“It’s very touching getting to meet [Michael],” Brycen Newman ‘18, a member of the football team and cancer survivor, said. “As an individual all you can do is have your heart go out to him and support him as much as possible.”

According to Mrs. Santon, Santon interacted with the team in a way she had never seen him communicate before that moment.

“When [the boys] approach Michael, it is like his body wakes up,” Mrs. Santon said. “He listens contently when they talk to him and responds with moving his arm to try and reach them.”

After the game, Santon, along with his family, stayed for dinner, which was way past Santon’s usual bedtime. Although on medication that makes him sleepy at night time, Santon fought to stay awake, which is something he had never done before while on the medication, Mrs. Santon said.

“During the dinner, as each player walked through the door and came to him, his eyes would open and he moved his hand,” Mrs. Santon said. “When they came out to practice before the game, they came up behind all of us and surrounded him chanting his name. I thought for sure it was going to put him into a seizure from over stimulation, but it didn’t.

“Instead, he just looked up and smiled.”

Coach Doyle shed light on Santon’s attendance to the game.

“It was an inspiring and gut-wrenching day,” Coach Doyle said. “Afterward, Michael’s mom said he has never been happier.”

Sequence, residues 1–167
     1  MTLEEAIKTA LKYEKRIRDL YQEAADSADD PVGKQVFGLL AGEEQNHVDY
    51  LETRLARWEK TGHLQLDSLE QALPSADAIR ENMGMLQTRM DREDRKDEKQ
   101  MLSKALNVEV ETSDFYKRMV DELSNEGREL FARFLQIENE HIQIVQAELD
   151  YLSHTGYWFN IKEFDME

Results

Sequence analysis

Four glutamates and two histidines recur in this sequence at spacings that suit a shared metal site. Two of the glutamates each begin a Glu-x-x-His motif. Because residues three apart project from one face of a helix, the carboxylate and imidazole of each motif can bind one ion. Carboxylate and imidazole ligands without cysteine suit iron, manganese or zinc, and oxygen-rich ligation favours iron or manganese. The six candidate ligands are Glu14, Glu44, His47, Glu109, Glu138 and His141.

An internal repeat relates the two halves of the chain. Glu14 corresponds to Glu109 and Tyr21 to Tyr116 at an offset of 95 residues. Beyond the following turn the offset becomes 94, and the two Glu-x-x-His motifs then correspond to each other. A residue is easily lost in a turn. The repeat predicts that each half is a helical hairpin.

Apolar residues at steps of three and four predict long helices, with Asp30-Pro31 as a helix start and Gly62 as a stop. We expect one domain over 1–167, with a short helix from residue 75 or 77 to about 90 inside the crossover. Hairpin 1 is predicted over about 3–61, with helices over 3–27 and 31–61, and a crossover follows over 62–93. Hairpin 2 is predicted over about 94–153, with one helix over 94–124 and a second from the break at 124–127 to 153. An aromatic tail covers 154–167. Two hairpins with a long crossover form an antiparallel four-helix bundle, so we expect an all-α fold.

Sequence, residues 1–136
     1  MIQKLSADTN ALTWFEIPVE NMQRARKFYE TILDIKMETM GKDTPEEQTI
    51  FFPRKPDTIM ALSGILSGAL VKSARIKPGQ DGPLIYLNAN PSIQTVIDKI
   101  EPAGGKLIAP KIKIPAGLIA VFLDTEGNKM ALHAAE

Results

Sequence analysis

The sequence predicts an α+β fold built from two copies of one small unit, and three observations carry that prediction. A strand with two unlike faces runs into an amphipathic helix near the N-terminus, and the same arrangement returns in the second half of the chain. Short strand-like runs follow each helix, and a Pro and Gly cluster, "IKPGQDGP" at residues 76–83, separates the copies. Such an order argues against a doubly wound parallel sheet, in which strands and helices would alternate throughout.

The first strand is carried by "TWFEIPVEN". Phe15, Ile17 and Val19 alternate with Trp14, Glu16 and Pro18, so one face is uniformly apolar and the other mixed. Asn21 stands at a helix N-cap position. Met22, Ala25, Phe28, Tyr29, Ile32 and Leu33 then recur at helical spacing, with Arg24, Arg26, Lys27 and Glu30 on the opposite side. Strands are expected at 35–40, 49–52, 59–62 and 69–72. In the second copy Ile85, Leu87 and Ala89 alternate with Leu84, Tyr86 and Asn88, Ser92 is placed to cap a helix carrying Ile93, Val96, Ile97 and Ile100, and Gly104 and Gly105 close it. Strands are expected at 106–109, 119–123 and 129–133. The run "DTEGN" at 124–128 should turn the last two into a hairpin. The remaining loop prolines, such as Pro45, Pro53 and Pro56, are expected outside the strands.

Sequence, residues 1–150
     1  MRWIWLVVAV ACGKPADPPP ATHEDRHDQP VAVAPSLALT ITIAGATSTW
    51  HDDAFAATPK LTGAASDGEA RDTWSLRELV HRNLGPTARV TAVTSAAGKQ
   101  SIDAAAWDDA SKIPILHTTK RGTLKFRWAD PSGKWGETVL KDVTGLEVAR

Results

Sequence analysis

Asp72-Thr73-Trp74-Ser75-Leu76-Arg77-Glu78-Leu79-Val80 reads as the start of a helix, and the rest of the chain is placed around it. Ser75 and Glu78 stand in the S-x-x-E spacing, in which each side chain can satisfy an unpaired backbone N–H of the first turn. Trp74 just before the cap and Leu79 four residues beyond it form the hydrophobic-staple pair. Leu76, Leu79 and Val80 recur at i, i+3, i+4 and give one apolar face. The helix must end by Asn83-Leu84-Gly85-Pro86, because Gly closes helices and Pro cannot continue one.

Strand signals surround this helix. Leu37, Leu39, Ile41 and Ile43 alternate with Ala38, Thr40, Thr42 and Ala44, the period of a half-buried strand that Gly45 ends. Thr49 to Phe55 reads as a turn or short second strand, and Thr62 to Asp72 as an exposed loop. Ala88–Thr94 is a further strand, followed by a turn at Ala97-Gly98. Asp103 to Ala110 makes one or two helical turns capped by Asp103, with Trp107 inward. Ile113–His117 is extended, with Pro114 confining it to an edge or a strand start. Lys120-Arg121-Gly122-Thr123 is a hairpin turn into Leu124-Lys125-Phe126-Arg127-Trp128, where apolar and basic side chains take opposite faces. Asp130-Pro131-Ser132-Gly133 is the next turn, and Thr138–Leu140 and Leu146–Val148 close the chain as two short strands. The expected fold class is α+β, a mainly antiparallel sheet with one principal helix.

Although a small act, Santon’s adoption will create lasting effects in his life.

“Being adopted has made an impact on his development,” Mrs. Santon said. “The way his face lights up and how vocal he becomes when I read him every message that is sent [is incredible]. How happy he is when we talk about the team and how we tell him we are going to the game to see them [is also incredible].

“When he is shown videos or clips, he listens and watches. All things he wouldn’t do prior [to the adoption].”

FOJ, along with Santon and his family, are appreciative for CCHS’s efforts.

“We are very thankful to CCHS and the varsity football team for opening their hearts to Michael and FOJ,” Ms. Provenzano said.

Mrs. Santon feels that CCHS provides an amazing sense of community and hope to Santon.

“The team, from the students and athletes, all the way through to the school administration, continually provide love, support and blessings onto Michael daily, making him feel a part of something outside of his normal routine,” she said.